Karine Jean-Pierre
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Poll: Black Voters Are Changing Their Minds on Marriage

Poll: Black Voters Are Changing Their Minds on Marriage

President Obama might be changing minds with his support for marriage equality, at least among African-American voters, a new poll shows.

In a poll conducted in North Carolina ahead of a vote on Amendment One, Public Policy Polling had found that just 20% of black voters supported same-sex marriage. That number has now shot up to 27%, its new poll shows, progressing dramatically during the little time since President Obama came out for marriage equality on the day after North Carolina voted.

Black voters are of great interest to political pundits who had speculated Obama could risk votes in the African-American community by supporting marriage equality. African-Americans are traditionally less supportive of same-sex marriage than the rest of the public. But the PPP poll found the opposite effect.

"Obama's words look to be having an impact," wrote PPP in announcing the poll results. Before the primary, 44% of African Americans supported either marriage or civil unions. That number has shot up to 55% with opposition also falling dramatically.

Prominent black leaders went so far as to issue a joint statement on May 11 after speculation kept going on whether their community would reject Obama. Reverend Al Sharpton, president of National Action Network; Julian Bond, chairman emeritus of NAACP; Melanie Campbell, president and CEO of the National Coalition on Black Civic Participation; and the Reverend Dr. Joseph Lowery, president emeritus of the Southern Christian Leadership Conference all signed a statement saying that "as civil rights leaders we cannot fight to gain rights for some and not for all."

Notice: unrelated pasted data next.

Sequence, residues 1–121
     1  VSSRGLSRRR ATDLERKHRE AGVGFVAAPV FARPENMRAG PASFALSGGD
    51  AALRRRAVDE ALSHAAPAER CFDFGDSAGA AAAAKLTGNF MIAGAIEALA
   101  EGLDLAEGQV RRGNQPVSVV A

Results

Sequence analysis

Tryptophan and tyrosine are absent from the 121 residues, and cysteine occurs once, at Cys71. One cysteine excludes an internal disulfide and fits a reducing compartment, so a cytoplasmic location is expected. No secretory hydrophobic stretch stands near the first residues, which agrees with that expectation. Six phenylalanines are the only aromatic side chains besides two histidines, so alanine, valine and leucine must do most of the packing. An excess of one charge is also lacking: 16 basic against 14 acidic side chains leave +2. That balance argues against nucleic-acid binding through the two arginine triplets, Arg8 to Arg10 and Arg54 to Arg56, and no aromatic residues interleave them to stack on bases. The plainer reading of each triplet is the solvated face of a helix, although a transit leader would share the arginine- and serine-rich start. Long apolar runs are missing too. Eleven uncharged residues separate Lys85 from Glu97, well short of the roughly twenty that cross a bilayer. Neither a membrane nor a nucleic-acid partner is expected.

Rising Democratic star, Newark Mayor Cory Booker, told BuzzFeed in an interview Wednesday that he doesn't see black voters rejecting Obama.

"To the extent of diffusing a statistically significant amount of voters, I just don’t think it’s going to matter," Booker told BuzzFeed. "I just haven’t seen any evidence of that in Newark."

Veteran civil rights activist Rev. Jesse Jackson spoke out today in an interview with Time magazine against the notion that black people are to blame for antigay state referendums passing.

"The issue has failed in 29 states because of the white church," he said. "The black church did not alone bear the cultural cross of this tension and transition."

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